Rectory's Spanish 1B and printmaking classes teamed up for an interdisciplinary field trip to The Yale University Art Gallery in New Haven on February 18. It was a beautiful sunny day as we embarked on our journey. Arriving just before the gallery opened, our guides were ready and waiting for us. We took off our coats as they explained a bit about the museum's policies. Students were anxious to begin!
Our tour guide was Hannah Sachs, Master of Divinity Candidate at The Yale Institute of Sacred Music. Our first stop was at a painting by Diego Velazquez. Hannah got the students to talk about the painting by asking them what caught their eye. As the students noticed different things, she would pose questions about certain features to get them to think a little bit more. For example, when they noticed the eyes she asked, "Where are they looking?" One student was able to discern that the young girl was looking out from the canvas.
This style was typical of Velazquez, but also important to the painting. After a guided discussion about the painting, the students came up with the background story. They thought a mother was teaching a young girl, although the girl was not paying attention. There is an angel above but her head is missing and the animals below are also missing parts. The painting is called The Education of the Virgin. It was believed that Mary was already born knowing everything and therefore did not need to be taught. This explains why she is looking out. The pieces that appeared to be missing were actually cut from the original canvass as they were too badly damaged. So, the students were spot-on with their observations!
Then we passed by a statue.
Our Spanish students were able to guess that it was by Joan Miró. Hannah asked them if they thought that this statue was related to Velazquez. They said no, which was true. Diego Velazquez is one of the most famous people in Spanish art history and the court artist for the Spanish court, known his portraiture and realistic art, Joan Miró, on the other hand, chose a surreal style for his work.
The next piece of art we saw was by Pablo Picasso.
The students were asked to write down words in a stream-of-consciousness style. They had to write whatever descriptive words came to mind about the painting. Then they were divided into two groups and asked to make a poem about the painting using their own words. After reading their poems, Hannah observed that the students had a lot of opposites. There were words like "gloomy" and "dim," but also words like "hopeful" and "bright." Upon further examination, they saw that the mother looked to be a bit dark and sullen but the child was happy and innocent. Hannah told the students that the painting was painted in 1943. Before she could ask the students what was happening at that time, they interjected, "Oh, World War, II! So the mother is worried about what is happening in the world but this is a happy moment for the child. Oh, ok!" It was amazing to see how Hannah could encourage thoughts and conclusions from our students without directly telling them the answers.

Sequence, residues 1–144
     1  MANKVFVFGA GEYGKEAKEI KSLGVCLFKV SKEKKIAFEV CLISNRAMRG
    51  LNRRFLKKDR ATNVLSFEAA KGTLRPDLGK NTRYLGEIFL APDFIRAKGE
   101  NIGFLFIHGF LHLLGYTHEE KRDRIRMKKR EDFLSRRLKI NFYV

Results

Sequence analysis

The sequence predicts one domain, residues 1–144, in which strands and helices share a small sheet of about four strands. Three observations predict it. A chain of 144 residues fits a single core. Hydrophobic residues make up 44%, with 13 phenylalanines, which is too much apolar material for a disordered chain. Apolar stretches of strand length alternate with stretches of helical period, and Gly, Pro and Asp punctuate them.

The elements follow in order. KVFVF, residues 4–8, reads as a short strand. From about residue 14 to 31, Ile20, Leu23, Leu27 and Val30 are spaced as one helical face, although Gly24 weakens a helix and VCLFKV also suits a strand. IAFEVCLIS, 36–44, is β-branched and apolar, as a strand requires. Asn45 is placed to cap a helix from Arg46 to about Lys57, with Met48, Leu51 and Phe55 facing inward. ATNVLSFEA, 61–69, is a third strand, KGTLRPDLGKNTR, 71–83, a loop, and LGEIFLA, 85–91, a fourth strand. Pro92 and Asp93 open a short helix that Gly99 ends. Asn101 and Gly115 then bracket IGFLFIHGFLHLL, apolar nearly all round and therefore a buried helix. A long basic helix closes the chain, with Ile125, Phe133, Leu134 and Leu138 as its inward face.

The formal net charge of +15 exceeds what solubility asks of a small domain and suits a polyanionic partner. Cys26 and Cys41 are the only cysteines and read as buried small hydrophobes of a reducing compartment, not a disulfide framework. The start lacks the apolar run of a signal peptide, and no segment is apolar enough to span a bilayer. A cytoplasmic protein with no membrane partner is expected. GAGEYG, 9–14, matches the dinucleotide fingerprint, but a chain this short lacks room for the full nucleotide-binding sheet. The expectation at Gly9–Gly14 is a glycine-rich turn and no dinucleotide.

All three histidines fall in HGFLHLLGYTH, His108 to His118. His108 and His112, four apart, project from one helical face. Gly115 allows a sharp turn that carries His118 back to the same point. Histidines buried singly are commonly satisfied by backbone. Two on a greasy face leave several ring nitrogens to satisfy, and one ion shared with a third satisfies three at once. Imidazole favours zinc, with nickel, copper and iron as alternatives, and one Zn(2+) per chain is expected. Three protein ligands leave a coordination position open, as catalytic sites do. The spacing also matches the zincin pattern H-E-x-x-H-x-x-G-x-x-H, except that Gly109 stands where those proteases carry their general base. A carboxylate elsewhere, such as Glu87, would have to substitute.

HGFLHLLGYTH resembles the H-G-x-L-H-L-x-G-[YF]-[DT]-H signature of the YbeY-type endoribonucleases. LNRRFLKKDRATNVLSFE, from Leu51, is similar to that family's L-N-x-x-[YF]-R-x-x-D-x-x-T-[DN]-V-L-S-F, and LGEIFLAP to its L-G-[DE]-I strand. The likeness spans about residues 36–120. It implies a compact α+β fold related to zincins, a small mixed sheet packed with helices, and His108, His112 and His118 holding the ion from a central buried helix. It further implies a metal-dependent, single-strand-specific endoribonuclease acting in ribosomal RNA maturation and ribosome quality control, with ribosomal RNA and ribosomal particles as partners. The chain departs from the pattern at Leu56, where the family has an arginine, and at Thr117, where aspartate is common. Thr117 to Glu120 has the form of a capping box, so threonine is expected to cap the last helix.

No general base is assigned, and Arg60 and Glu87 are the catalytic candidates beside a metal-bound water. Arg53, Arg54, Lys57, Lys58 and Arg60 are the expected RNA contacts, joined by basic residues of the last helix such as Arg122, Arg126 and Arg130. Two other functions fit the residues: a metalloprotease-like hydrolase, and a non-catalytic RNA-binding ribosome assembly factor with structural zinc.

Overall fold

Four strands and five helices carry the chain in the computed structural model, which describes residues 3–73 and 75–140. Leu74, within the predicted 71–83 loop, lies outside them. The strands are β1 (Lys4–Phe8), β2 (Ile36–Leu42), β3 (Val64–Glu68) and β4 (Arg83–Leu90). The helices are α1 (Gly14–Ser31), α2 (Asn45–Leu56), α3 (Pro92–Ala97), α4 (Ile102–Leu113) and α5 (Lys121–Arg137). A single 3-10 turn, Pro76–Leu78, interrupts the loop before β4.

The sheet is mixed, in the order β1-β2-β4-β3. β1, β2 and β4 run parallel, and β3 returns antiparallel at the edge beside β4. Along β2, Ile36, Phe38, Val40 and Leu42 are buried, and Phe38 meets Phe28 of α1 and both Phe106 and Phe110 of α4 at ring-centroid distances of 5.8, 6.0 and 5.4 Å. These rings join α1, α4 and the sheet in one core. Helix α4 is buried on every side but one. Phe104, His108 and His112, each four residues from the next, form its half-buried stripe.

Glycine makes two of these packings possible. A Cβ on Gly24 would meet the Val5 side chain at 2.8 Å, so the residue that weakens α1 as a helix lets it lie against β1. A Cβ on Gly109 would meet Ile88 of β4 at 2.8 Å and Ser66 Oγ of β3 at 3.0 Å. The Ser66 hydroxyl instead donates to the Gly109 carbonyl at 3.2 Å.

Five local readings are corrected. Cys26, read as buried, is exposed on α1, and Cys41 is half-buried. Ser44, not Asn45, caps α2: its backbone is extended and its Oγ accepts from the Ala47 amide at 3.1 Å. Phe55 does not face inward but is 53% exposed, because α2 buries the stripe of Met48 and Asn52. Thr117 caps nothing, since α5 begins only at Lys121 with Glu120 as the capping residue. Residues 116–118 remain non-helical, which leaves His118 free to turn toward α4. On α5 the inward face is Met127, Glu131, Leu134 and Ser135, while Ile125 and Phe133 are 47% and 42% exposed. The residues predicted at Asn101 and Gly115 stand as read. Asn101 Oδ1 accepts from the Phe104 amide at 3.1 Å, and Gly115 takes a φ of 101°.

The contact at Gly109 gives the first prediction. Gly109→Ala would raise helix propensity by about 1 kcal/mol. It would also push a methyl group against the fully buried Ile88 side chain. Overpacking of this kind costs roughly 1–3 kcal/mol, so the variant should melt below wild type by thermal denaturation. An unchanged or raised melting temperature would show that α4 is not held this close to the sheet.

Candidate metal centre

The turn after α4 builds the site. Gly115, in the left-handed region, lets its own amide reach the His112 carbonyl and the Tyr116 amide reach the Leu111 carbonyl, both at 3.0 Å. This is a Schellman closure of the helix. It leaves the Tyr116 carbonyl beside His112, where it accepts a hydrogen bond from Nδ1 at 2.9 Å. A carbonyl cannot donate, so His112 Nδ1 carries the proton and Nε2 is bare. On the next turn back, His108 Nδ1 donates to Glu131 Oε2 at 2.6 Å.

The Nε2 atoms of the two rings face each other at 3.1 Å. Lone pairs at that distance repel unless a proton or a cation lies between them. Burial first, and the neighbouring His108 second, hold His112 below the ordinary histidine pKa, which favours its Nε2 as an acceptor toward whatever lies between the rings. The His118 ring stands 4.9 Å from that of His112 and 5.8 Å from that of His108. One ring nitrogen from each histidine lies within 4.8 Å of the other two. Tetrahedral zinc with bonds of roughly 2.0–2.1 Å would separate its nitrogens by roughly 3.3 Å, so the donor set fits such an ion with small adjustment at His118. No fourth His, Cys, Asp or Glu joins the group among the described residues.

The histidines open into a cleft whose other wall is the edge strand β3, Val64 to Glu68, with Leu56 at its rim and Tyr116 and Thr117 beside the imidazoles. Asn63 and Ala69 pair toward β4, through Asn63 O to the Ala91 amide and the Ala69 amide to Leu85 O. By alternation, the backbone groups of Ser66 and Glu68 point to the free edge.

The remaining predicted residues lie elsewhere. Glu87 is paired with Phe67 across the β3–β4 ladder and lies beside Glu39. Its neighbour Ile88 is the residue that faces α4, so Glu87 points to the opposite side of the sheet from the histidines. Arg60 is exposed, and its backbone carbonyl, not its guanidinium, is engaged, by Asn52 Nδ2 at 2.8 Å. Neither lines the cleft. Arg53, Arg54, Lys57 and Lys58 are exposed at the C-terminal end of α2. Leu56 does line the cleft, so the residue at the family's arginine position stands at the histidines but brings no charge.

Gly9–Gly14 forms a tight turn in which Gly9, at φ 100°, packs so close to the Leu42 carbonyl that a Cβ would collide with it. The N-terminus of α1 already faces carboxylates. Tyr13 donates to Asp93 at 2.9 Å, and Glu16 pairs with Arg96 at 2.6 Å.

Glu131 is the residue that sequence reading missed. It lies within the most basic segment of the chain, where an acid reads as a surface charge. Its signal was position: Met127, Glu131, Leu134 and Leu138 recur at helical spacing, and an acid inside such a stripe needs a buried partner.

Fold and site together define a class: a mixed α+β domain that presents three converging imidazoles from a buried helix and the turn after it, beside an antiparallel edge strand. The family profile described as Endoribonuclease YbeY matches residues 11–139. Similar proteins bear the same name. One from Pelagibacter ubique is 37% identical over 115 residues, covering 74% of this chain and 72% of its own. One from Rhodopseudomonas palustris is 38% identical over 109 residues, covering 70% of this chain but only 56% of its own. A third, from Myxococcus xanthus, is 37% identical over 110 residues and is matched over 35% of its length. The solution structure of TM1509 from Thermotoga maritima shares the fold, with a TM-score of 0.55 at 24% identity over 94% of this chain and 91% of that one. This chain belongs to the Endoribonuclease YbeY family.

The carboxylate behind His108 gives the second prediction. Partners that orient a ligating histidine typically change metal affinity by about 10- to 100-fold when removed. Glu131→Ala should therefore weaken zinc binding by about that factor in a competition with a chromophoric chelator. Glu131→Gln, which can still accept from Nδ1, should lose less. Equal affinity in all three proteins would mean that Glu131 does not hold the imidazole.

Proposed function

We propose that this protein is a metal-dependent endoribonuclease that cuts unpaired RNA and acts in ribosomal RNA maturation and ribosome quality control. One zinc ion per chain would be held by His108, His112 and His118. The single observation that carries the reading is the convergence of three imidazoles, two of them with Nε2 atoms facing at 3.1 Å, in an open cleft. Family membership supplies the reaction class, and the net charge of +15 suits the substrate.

We briefly saw a painting by Salvador Dalí called The Phantom Cart, which the students described as surreal, "like being in a dream." It was a picture of a city in the middle of the desert, yet it would have been impossible to take this picture with a camera.
The students enjoyed looking at this artwork. Then we saw another painting by Miró and Hannah explained that Miró often used his subconscious mind to draw. Similar to a stream of consciousness, he would think of a topic and let his hand move around the page.
Finally, we saw a painting called Elegy to the Spanish Republic, No. 78 by Robert Motherwell. The students were asked to look at the painting and come up with their own titles. Some were funny, "Banana and coconuts." Some were ominous, "A hanging tree." Regardless of the titles, students were engaged and excited about the art. We learned a lot about the Spanish Civil war and heard how it impacted Motherwell. He felt so badly about what had happened there that he made a series of 100 paintings to get it out of his system.
After we finished our tour, students were invited to walk around the museum and see the rest of the collection. The collection is huge, covering impressionists like Degas, Monet, Gauguin, Renoir, Van Gogh, and countless other artists and styles. There is a big American art section that includes a painting by Ralph Albert Blakelock, the great-great-great-grandfather of our own Judy Blakelock.